Consequently the english generally viewed the native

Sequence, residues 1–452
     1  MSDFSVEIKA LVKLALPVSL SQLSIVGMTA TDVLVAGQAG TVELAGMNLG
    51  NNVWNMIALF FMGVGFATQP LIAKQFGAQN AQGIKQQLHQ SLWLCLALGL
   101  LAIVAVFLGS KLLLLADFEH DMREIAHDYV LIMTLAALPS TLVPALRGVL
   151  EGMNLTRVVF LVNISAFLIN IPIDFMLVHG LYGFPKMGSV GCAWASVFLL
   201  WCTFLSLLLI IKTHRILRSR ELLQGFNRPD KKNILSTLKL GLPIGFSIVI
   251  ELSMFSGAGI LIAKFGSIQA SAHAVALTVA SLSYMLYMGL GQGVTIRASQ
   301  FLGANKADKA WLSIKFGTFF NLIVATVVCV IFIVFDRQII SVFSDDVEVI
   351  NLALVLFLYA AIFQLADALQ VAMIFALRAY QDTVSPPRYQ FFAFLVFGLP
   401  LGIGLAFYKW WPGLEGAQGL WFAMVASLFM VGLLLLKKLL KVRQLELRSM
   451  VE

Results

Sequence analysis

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Unformatted text preview: on European character flaws. Whites were perceived as stingy and greedy with a seemingly insatiable desire for furs and hides. Natives also found them amazingly intolerant of their religious beliefs, sexual and marital arrangements, eating habits, and other customs. European architectural traditions of building permanent structures of wood and stone that precluded the ability to relocate when needed was seen as absurd. And Natives were especially repelled by the Europeans’ apparently antagonistic relationship with nature and their materialistic view of natural resources. The ways many Europeans acted further contributed to the deterioration of relationships. Christopher Columbus had started a practice of kidnapping Natives and displaying them as curiosities in European courts. When Spaniards discovered the wealth of natural resources, particularly gold, they combined exploration with conquest, enslaving the Indians, forcing them to submit to Spanish authority and depriving them of their land and culture. The Spanish soldiers and English colonists also brought terrible diseases, especially smallpox, pulmonary ailments, and gastrointestinal disorders. None of these diseases existed in the Americas prior to European contact, so Indians were not immunologically prepared.3 (Incidentally, Europeans returned to their countries with syphilis, a disease that they apparently picked up from Indians.) French contact with Indians in present- day Canada and Louisiana was more benign, primarily because French commercial interests were focused on the fur trade, and the Indians with their knowledge of the land and their specialized hunting skills made them valuable partners in the business enterprise. The French also needed a positive relationship with the Indians so that they would have allies in their wars with the British. Additionally, the French encouraged inter- marriage, which also facilitated cross- cultural communication. The children of these marriages created a whole population of Métis (people of mixed French and Indian blood) that are a recognized social group in present day Canada. The English, on the other hand, disdained the Indians and discouraged intermingling. Furthermore, unlike the Spanish (who needed the Indian labor population) and the French (who needed the Indian’s hunting expertise), the English colonial economy did not need Indians (except when they needed them as allies in their fight with the French). Consequently, the English generally viewed the Native population as an obstacle. This antagonistic English- Indian relationship led to a series of wars, all won by the English who had superior weapons. The inevitable result was that the vanquished tribesmen were forced to give up land and submit to English sovereignty, and either confine their activities to extremely limited areas or move away from the colonies’ ever expanding borders. 3Interestingly, this did not seem to be such a problem in contact with the French, perhaps because the French were fewer in number and the colonization took place in areas that were not densely populated and in wide open places. 4 Crossroads: Music of American Cultures (Barkley) Kendall Hunt Publishers, 2013 Native Americans and The United States of America When the English colonies rebelled in 1776 and formed the new nation of the United States of America, what to do with the Indians was one of the many problems facing the new government. The Treaty of Paris (1783) that formally ended the American Revolution completely ignored the Indians, leaving the founding fathers to determine their own policy. The early government’s decision is reflected in Article I, Section 8, of the Constitution, which states “Congress shall have Power to regulate commerce with foreign nations, and among the several States, and with the Indian tribes.” This became the basis for over 200 years of federal legisl...
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